Dinoflagellates are single-celled organisms that live in oceans, estuaries, lakes, and ponds. Some of them are bioluminescent -- they cause a sparkling of the sea at night as the waves break. Some of them cause "red tides," which can kill fish or poison humans who eat the fish or shellfish that have eaten the dinoflagellates. The Red Sea may have gotten its name from dinoflagellate blooms.
Dinoflagellates are most often considered to be plants because many make their own food using air, water, and sunlight. Some dinoflagellates eat other plants or eat small or large animals. Some live within animals such as corals.
Many dinoflagellates have a complex life cycle that includes a resting stage. During this stage, the dinoflagellate may live in a very durable capsule called a dinocyst. The dinocyst is studied by paleontologists. Unlike many other fossils, the dinocyst is not a dead dinoflagellate. It is more like a cocoon. There is an opening in the dinocyst through which the dinoflagellate, like a butterfly, exited and went on its merry way.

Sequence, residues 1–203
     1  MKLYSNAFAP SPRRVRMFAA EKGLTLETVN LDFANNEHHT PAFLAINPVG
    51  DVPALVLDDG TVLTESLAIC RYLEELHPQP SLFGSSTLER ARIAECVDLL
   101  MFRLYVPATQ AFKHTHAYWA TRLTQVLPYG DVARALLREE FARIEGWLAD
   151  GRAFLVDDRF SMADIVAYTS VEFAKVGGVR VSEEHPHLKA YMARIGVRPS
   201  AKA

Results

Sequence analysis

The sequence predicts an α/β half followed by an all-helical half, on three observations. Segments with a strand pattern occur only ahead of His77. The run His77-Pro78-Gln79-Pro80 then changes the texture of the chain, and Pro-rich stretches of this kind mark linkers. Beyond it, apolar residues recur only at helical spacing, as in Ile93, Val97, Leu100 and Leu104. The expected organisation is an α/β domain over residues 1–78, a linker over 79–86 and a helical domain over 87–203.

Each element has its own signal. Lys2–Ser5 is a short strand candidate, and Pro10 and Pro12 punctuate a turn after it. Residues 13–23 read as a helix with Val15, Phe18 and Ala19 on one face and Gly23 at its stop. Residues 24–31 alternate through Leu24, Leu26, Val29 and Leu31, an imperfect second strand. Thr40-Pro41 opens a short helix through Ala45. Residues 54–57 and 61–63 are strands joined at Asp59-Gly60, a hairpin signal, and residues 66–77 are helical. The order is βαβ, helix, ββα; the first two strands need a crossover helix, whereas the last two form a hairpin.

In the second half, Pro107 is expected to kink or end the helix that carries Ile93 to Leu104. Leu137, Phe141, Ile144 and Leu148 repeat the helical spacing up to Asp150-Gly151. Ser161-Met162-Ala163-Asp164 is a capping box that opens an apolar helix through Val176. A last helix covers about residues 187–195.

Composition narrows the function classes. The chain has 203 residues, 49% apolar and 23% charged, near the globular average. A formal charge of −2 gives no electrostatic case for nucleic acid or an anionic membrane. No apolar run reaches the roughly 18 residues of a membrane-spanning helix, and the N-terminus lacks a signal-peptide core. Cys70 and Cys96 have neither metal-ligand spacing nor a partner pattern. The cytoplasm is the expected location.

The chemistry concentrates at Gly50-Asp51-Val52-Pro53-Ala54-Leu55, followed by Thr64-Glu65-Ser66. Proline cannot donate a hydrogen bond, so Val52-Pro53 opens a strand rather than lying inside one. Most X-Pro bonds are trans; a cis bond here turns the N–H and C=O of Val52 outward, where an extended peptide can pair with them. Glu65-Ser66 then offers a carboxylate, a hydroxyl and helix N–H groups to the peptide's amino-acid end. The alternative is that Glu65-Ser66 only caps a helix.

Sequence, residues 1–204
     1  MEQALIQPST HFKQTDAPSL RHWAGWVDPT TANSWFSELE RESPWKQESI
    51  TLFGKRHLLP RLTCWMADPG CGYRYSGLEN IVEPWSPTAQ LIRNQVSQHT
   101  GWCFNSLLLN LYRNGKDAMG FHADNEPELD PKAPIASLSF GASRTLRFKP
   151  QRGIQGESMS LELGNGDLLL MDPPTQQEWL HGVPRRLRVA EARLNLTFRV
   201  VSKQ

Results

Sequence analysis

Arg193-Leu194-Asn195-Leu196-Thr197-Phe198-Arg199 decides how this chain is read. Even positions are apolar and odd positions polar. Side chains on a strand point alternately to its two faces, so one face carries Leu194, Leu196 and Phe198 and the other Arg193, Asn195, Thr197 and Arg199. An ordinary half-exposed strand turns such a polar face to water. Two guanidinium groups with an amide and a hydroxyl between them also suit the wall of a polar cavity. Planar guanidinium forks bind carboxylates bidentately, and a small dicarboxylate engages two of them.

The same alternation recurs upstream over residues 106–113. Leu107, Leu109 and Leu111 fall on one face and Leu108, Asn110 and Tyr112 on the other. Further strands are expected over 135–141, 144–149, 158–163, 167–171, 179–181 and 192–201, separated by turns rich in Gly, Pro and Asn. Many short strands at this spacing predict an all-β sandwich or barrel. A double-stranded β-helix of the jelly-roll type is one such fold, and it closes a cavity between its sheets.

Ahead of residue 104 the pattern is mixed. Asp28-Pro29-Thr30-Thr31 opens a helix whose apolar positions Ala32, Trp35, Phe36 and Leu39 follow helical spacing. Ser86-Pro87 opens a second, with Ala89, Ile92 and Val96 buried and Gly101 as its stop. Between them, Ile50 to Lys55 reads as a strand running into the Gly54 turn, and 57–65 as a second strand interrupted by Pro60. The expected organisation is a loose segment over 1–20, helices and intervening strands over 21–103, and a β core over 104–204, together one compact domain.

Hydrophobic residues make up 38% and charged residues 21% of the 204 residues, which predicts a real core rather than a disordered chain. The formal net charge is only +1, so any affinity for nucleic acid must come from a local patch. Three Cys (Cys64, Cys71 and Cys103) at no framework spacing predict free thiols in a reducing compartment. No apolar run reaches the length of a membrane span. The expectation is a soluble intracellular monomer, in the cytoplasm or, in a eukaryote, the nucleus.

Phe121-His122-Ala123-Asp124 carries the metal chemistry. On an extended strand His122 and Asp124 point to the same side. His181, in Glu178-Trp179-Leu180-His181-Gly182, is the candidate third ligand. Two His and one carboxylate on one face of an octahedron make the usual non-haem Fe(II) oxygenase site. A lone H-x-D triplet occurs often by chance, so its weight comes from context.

Dinocysts are found in the muds, sands, and other sediments at the bottoms of modern ocean, estuaries, lakes, and ponds. They are found as fossils in mudstones, sandstones, and limestones formed long ago.
Age and Environment - Dinocysts are used to help deduce the age and environment of rocks or sediments. They are most useful in marine rocks from the Late Triassic to the present. The age of sedimentary rocks provided by dinocysts is important to geologic mapping, to understanding the structural geology of an area, and to understanding the movement of ground water of an area. Dinocysts are used in studies of past environments to model climate change, to analyze past ocean currents, and to detect past or present pollution.
Lucy E. Edwards, Reston, VA, biostratigraphy of the Atlantic and Gulf Coastal Plains.